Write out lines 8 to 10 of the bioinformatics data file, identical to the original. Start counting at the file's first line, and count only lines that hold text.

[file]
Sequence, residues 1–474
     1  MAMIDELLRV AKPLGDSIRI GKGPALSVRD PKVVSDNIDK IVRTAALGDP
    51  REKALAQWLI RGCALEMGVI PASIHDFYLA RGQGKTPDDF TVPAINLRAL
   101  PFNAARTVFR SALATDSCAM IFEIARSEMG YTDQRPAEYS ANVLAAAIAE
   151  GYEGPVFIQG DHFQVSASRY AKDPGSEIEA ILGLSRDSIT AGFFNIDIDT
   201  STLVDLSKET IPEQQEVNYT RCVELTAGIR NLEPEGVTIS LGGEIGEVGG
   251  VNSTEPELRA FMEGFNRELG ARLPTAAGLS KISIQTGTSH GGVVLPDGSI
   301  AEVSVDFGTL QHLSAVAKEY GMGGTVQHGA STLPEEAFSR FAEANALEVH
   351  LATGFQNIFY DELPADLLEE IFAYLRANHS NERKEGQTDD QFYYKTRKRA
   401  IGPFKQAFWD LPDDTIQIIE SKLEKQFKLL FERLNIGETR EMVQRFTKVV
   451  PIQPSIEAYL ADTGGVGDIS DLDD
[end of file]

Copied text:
   301  AEVSVDFGTL QHLSAVAKEY GMGGTVQHGA STLPEEAFSR FAEANALEVH
   351  LATGFQNIFY DELPADLLEE IFAYLRANHS NERKEGQTDD QFYYKTRKRA
   401  IGPFKQAFWD LPDDTIQIIE SKLEKQFKLL FERLNIGETR EMVQRFTKVV